Potential problems with contracts¶
The Marlowe language is designed to have as few as possible pitfalls and gotchas, so that contracts can be written intuitively, avoiding any surprises. Nevertheless, it is impossible by design to exclude all contracts that should not be written, without making Marlowe much harder to use. Moreover, even when a contract is well written, it is still possible for its users to interact with it in invalid ways, by issuing invalid transactions.
In all cases, when these unintended effects happen, Marlowe is designed to behave in the most intuitive and conservative way possible. However, it is worth being aware of these potential problems, and review how Marlowe behaves in these situations. That is the subject of this tutorial.
Marlowe warnings are indications that a contract is written wrongly. A well-written contract should never issue a warning, no matter how the users interact with it. Ideally, we would like to forbid contracts that can issue warnings from being ever written, but that would require Marlowe contracts to be dependently-typed, and writing expressions that are dependently-typed is much more cumbersome.
Instead, Marlowe allows contracts that issue warning to be written, and we provide static analysis tools that let contract developers check whether a particular contract can possibly issue warnings. Additionally, we provide fall-back behaviours for when a contract produces a warning, despite our advice. We provide fall-back behaviours because we acknowledge that analysing big contracts can be very computationally expensive, and because mistakes can be made. We want badly written contracts to fail in the most harmless way possible, that is conservatively.
When a contract is supposed to pay an amount of money that is less than
one unit of a currency or token, it will issue a
warning, and it will not transfer any money.
Negative payments should be implemented as either positive deposits (when paying a participant), or positive payments in the opposite direction (when paying between accounts).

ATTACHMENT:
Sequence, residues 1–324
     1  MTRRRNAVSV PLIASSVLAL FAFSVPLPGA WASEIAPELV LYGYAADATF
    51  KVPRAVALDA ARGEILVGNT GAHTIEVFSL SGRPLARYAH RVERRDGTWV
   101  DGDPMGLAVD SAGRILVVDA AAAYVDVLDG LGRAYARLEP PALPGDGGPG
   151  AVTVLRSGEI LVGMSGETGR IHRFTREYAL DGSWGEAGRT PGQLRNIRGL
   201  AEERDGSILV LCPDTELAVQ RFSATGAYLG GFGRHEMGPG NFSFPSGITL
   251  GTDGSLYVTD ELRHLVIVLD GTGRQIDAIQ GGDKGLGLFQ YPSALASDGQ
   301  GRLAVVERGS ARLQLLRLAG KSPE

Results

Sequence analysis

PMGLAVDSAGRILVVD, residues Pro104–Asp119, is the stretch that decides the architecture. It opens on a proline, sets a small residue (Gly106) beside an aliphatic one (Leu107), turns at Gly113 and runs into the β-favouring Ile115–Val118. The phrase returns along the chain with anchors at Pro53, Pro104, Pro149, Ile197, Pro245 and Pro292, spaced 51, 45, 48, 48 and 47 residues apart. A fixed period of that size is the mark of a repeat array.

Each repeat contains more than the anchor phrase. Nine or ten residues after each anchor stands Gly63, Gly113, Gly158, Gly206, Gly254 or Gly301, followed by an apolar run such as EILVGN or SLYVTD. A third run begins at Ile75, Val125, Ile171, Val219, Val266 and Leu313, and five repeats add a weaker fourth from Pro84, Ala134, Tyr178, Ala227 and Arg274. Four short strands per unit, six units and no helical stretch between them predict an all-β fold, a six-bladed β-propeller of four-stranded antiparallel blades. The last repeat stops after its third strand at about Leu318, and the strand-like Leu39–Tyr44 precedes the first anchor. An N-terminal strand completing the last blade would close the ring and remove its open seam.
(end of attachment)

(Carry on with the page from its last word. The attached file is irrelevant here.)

When a contract is supposed to expect an amount of money that is less
than one unit of a currency of token, it will still wait for a
IDeposit transaction, but that transaction does not need to transfer
any money into the contract and no money is transferred to the
participant that issues the transaction. Once this ‘fake’ deposit is
successful, the contract will issue a
Negative deposits should always be implemented as positive payments.
When a contract is supposed to pay an amount of money that is larger
than the amount of money that there is in the source account, it will
just transfer whatever is available in that account, even if there is
enough money in all the accounts of the contract, and it will issue a
Partial payments should be avoided because a contract that never produces a partial payment is an explicit contract. Explicit contracts reassure their users that they will be enforceable, and that wherever in the contract it says a payment is going to happen it will indeed happen.
Let shadowing (not covered by static analysis)¶
When a contract reaches a
Let construct that re-defines a value with
an identifier that was already defined by an outer
Let, the contract
will issue a
Shadowing warning, and it will override the previous
Shadowing is a bad programming practice because it leads to confusion.
Using the same identifier for more than one thing can mislead developers
or users into thinking that one usage of
Use is going to be
evaluated to one amount while it is actually going to be evaluated to
some other different amount.
There are some other ‘bad smells’ that indicate that a contract has probably been poorly designed.
These contracts are valid, in the sense that they will not necessarily cause any warnings, and they do what they say that they do, but they have characteristics that suggest that either the contract developer was not fully aware of the consequences of the contract, or that the developer purposefully wrote the contract in a way that was confusing for the reader.
Let usage (should be a warning)¶
Use construct uses an identifier that has not been defined